My diagnosis of Type 2 diabetes happened 12 years ago, at the age of 80.
I was prescribed Metformin and Gliclazide, and at the same time, I ceased adding sugar to tea, coffee, and breakfast cereal. Since, I’ve had regular blood tests as well as foot and retina examinations and, so far, with the changes that I have made, my results have remained within acceptable limits.
Indeed, at my last diabetes review, my Gliclazide dose was halved. I felt upbeat when I heard the news as it meant, that in my case, the diabetes was not severe and did not require more drastic dietary changes.
I do, however, want to increase the amount of fibre in my diet. I’m now living on my own, having to get used to doing my own cooking; so need to find shopping packs and recipes appropriate for one person, to avoid food waste.
I want to reduce my weight and improve my breathing. However, now that I am in my 90s, I am not so good at walking and better management of my diet offers me more hope than thinking of extra exercise.
If I could give my younger self a piece of advice, it would be to get bathroom scales and keep weight records, especially in times when your lifestyle changes, e.g. on leaving home, on marriage etc.
With that being said, if I were to offer a piece of advice for someone who has just been diagnosed with Type 2 diabetes, it’s not the end of the world; learn about the condition, gradually work out what diet and exercise regime will work for you.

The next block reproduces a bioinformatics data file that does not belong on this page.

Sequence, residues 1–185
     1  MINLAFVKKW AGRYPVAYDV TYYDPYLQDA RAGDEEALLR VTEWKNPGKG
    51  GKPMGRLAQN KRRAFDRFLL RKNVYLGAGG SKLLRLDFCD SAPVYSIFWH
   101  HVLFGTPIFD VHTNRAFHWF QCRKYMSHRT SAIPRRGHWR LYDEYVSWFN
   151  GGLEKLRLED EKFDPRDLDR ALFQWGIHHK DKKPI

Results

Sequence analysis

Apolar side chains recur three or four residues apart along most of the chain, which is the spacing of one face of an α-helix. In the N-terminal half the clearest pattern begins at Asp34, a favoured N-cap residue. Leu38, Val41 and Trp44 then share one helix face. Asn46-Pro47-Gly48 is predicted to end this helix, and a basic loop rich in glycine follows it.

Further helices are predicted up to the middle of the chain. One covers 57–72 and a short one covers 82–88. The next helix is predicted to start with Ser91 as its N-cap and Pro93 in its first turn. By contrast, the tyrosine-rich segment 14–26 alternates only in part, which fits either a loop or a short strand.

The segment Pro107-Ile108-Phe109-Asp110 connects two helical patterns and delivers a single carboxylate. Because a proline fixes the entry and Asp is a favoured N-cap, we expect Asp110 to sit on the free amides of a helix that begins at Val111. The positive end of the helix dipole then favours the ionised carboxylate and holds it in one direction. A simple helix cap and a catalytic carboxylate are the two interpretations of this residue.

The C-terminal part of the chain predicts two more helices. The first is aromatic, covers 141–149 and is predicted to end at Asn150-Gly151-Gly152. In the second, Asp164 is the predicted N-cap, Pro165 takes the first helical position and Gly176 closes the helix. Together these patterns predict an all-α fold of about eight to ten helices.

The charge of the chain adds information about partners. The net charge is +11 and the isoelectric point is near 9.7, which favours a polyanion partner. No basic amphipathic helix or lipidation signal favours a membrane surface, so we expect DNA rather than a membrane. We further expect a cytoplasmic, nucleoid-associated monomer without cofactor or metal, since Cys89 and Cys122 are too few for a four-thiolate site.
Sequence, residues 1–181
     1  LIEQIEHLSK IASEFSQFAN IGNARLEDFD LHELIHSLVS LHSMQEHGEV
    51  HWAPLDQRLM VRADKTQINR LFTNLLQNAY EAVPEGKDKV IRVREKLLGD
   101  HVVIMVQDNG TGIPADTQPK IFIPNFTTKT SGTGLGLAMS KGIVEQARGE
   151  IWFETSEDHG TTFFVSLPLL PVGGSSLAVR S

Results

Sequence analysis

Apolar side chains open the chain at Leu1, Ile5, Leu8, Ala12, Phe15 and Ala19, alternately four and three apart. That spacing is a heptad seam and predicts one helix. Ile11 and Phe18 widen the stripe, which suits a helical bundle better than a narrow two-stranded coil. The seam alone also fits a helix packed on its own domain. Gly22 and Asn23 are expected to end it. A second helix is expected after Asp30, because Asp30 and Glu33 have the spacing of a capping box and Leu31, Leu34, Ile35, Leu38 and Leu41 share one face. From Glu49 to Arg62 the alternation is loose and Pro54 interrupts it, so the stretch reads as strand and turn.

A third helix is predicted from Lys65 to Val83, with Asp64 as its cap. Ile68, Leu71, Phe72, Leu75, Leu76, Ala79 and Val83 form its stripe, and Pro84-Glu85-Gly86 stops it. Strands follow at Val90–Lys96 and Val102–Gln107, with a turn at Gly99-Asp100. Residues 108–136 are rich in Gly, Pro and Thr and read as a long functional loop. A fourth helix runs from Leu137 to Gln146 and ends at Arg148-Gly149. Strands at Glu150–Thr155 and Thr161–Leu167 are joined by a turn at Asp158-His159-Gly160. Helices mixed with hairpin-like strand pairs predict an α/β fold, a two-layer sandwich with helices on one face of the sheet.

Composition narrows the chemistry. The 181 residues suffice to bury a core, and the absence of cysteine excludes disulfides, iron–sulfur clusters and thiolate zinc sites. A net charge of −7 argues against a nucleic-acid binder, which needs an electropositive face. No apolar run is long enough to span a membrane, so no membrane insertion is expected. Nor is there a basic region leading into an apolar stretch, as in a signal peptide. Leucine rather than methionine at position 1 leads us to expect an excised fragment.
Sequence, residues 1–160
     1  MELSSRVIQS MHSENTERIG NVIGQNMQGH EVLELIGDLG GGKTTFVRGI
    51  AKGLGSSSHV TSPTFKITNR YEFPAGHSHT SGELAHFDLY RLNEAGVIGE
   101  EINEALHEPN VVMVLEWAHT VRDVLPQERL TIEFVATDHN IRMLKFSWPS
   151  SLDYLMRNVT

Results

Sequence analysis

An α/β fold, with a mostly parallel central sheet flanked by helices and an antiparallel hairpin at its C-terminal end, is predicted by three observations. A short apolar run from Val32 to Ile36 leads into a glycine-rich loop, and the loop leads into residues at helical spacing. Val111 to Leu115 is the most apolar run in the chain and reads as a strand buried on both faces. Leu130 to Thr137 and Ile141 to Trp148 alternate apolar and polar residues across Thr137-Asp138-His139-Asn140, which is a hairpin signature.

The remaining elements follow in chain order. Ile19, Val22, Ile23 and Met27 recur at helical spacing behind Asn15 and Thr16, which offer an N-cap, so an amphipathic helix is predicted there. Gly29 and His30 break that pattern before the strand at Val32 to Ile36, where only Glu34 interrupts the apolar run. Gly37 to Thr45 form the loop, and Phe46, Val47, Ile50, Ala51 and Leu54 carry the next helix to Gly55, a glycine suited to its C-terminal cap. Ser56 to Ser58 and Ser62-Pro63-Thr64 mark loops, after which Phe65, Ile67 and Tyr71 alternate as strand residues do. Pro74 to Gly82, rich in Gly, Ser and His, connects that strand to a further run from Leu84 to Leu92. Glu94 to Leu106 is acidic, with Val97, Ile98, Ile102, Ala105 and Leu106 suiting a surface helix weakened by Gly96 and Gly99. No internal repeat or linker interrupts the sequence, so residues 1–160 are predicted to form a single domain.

Ruth Miller, Diabetes Nurse Consultant
Healthcare Professional Feedback
Dear Mr B,
Thank you for sharing your story.
As we grow older it is natural that we will be less active and we need to remember that having a good quality of life is so important. You can find lots of information on our website about eating well with diabetes and how to increase the fibre in your diet. As we are all different, there are links on our Nutrition Hub pages to a number of different diets for you to find the one that suits you as an individual best.
It sounds as though you have done really well in managing to halve your medication, if you are wanting to be more active there are lots you can do without running a marathon! Sit less and break up sitting periods every 30 minutes by getting up and walking around. Use your daily activities to stay more active such as cooking, cleaning, gardening, walking etc, you can find out more on our Move More pages.
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